Friends, this is a time when we cannot not talk about Jesus. Unless you’re a coward. Everybody is talking about Jesus. It’s a golden opportunity. Just say, “What do you make of this movie? Mel Gibson has set us up. Let’s take the message out!

There is a world out there that needs to know what Jesus did on the cross. This movie can help them understand that.

Who’s responsible for the death of Jesus?

Judas? He’s the one who betrayed Jesus in the Garden of Gethsemane.

The disciples? After an initial defense by Peter, they ran. They abandoned Jesus.

The crowd? They yelled, “Crucify Him!’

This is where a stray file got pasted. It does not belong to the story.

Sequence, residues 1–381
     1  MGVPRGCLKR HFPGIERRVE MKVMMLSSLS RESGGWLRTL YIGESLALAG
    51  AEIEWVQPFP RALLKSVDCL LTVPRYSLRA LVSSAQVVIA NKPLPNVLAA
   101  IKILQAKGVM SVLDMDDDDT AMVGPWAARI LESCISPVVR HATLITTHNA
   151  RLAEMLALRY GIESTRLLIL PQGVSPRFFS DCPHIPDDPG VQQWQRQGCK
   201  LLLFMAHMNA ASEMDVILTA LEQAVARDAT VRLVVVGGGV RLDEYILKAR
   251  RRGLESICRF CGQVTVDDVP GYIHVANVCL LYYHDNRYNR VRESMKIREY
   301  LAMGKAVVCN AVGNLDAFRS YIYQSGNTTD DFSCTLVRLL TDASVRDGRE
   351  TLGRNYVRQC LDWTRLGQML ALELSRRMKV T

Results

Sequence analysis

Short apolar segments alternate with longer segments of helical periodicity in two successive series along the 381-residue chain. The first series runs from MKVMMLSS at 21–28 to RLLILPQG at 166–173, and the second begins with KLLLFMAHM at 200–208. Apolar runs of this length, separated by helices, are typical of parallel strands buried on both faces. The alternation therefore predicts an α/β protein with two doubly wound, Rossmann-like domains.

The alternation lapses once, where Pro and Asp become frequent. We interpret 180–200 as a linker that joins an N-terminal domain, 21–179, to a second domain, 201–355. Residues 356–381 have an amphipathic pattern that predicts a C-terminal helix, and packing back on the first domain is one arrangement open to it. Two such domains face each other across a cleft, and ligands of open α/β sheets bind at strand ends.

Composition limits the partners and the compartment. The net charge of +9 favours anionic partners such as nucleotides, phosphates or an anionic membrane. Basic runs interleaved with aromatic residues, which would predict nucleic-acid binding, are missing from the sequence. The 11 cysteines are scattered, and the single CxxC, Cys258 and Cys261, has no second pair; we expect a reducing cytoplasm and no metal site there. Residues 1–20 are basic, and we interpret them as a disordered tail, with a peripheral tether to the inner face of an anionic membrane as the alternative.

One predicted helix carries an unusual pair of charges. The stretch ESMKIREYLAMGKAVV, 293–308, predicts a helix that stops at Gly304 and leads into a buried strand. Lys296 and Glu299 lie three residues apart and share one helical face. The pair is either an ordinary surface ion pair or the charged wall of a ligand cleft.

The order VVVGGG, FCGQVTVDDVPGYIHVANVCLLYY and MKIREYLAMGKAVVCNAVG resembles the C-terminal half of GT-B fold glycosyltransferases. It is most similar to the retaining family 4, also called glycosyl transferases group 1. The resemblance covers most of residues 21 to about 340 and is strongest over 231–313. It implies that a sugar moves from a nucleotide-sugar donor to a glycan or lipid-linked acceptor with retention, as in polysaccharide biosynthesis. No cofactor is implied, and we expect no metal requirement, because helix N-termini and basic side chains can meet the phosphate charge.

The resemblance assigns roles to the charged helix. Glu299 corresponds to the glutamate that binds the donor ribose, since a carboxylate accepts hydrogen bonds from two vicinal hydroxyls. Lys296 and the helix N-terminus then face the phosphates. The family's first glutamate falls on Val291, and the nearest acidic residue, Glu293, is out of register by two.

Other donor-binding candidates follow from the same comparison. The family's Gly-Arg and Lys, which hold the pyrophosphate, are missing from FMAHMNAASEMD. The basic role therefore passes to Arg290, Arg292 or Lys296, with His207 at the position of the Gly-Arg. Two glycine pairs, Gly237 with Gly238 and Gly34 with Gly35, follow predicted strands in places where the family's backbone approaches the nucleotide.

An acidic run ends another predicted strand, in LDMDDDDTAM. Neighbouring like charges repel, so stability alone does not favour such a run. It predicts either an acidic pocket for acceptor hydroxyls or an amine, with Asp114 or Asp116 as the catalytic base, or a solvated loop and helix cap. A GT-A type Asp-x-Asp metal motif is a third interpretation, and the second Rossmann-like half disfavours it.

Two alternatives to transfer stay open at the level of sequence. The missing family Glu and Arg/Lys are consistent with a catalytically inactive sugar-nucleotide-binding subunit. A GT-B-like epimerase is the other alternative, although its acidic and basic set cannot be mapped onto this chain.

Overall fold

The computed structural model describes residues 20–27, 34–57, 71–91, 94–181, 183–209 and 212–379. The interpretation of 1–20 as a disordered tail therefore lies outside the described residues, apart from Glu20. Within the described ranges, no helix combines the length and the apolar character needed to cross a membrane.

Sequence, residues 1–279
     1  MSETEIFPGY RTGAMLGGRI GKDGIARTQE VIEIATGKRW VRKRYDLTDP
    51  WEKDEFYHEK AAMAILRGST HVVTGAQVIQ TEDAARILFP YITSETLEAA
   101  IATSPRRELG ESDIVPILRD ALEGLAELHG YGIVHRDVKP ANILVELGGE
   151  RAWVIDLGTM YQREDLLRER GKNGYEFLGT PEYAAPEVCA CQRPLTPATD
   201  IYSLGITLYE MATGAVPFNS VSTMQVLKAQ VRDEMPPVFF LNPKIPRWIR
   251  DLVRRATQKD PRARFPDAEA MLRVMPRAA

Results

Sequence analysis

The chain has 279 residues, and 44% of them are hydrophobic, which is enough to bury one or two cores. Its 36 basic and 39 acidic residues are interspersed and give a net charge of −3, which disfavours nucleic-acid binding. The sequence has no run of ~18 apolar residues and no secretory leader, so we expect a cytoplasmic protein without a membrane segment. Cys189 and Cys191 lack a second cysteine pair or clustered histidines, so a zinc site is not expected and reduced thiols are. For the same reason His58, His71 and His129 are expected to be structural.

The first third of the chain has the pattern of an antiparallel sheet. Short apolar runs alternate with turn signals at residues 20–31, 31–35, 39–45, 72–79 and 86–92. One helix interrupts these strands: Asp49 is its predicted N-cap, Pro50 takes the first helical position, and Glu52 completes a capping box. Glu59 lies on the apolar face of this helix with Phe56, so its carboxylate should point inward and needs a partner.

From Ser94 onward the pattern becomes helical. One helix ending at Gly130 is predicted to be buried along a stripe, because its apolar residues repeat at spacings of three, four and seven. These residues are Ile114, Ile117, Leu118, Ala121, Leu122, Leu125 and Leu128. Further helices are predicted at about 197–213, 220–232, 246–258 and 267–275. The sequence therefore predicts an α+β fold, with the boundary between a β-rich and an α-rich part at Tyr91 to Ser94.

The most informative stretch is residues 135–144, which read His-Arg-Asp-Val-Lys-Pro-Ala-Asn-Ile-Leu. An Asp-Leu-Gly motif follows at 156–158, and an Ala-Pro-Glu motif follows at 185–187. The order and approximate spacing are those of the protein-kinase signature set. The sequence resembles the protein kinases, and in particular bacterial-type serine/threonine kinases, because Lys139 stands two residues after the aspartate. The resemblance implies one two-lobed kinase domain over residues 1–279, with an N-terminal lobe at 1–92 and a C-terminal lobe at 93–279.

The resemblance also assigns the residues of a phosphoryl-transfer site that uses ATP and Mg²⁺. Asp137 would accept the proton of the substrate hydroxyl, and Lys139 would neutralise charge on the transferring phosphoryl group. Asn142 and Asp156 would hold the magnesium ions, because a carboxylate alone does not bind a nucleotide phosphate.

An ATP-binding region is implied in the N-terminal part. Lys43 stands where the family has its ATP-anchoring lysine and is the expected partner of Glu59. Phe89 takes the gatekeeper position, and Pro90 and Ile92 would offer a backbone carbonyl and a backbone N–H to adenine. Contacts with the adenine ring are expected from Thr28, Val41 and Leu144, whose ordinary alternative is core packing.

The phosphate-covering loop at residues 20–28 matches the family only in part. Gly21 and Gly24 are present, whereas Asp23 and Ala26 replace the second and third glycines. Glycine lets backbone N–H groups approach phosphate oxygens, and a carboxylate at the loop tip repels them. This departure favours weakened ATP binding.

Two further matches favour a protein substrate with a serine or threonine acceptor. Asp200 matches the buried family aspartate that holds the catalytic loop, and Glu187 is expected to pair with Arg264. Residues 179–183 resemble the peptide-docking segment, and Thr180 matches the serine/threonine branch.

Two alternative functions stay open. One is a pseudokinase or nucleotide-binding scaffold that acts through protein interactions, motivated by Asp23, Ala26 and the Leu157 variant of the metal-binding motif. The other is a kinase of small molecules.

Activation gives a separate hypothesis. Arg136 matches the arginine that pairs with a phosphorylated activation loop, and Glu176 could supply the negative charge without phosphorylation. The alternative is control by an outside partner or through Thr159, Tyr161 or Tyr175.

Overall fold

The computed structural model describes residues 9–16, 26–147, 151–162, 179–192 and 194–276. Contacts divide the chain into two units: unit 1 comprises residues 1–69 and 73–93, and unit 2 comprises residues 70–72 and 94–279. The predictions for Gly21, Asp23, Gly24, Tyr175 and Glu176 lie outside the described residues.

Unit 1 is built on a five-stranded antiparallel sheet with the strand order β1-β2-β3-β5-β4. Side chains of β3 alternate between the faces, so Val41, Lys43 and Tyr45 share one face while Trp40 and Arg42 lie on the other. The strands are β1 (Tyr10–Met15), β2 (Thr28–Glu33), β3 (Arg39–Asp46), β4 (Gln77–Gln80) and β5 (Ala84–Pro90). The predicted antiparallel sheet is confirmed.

We could spend time exploring the role all these characters played. But this morning, let’s look deeper at five possible answers to this question: Who’s responsible for the death of Jesus?

The Jews?

For nearly 2,000 years, some who called themselves Christians have blamed and even persecuted the Jewish people on the grounds that they were responsible for the death of Jesus. So, Jewish people have a legitimate concern about this film fanning the flames of anti-Semitism.

But what does the Bible say? We can’t rewrite biblical history because we’re worried about offending someone. Just a few weeks after the crucifixion of Jesus, one of His followers, Peter, stood in the Temple at Jerusalem and spoke the truth.

Men of Israel, hear these words: … this Jesus, delivered up according to the definite plan and foreknowledge of God, you crucified and killed by the hands of lawless men.

Acts 2:22a, 23 (ESV)